Pat Hickey, Montreal Gazette
“It’s a challenge and you have to stay on top of it,” Domi said Friday at a news conference to launch the Max Domi Fund for Type 1 Diabetes.
For most hockey fans, Max Domi is a hard-working hockey player with an edge to his game.
But Domi, who has become a fan favourite since coming over from the Arizona Coyotes last year, has a different persona away from the rink and it’s most evident when he is talking to people about the way he deals with Type 1 diabetes.
This side of Domi was on display in June when he appeared at a news conference to promote a Juvenile Diabetes Research Foundation fundraiser. He answered questions from 10 youngsters who have Type 1 diabetes and then hung around for another two hours interacting with the youngsters and delivering a simple message — diabetes doesn’t prevent you from leading a normal life.
“It’s a challenge and you have to stay on top of it,” Domi said Friday at a news conference to launch the Max Domi Fund for Type 1 Diabetes. “I think dealing with my diabetes has made me a stronger person. Don’t get me wrong, I wish I didn’t have diabetes and we’re working to find a cure, but it’s something you can deal with.”
Domi, who grew up wanting to following in the path of his hockey-playing father Tie, said he received encouragement from Bobby Clarke, the former Philadelphia Flyers star who is a diabetic, and he hopes to pass the same message along to the next generation.
Learning to live with diabetes is one of the cornerstones of Domi’s foundation. He noted one out of every five teenagers with diabetes battles depression. That’s twice the rate of depression in the general population and Domi hopes his efforts will help to bring that number down.
That message is contained in his book No Days Off: My Life with Type 1 Diabetes and Journey to the NHL, which goes on sale Tuesday. In addition to educating young people and their parents — and serving as a good read for hockey fans — the book will serve as a fundraiser with a portion of the proceeds going to his fund.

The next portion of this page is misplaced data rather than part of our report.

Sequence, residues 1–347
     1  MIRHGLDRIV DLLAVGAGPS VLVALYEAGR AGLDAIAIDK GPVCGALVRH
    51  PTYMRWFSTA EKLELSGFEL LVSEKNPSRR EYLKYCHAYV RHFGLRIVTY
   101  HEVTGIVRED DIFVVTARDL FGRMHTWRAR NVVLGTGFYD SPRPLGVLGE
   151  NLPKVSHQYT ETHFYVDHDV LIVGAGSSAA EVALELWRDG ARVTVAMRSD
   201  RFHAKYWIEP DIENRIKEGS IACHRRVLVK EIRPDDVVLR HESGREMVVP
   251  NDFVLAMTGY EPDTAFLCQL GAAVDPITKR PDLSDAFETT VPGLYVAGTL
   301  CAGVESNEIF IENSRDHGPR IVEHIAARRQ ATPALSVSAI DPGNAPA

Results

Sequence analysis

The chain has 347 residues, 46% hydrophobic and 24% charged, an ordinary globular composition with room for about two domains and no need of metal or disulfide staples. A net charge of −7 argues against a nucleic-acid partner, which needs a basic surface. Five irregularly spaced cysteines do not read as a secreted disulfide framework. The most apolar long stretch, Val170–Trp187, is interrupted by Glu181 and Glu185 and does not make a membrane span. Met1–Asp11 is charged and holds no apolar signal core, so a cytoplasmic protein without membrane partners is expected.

November is National Diabetes Awareness Month and Domi will be involved in a number of fundraising efforts. On Nov. 10, he will be at the Tricolore Sports store in the Bell Centre for an exclusive book signing for up to 500 fans.
Bauer has created 100 limited edition hockey sticks, which Domi will use in games during November. The sticks will then be used in fundraising auctions and other events.
“It’s the same stick I use in games, but Bauer donated them and painted them with images that have significance for me,” Domi said.
Domi is also planning to hold a thank you celebration for anyone who donates a minimum of $10,000 to the fund. Laval-based developer Tony Amato and Groupe Pentian jump-started the fund Friday with the first $10,000 donation. Amato’s son, Anthony, is a diabetic and was on hand to help present the cheque and share experiences with Domi.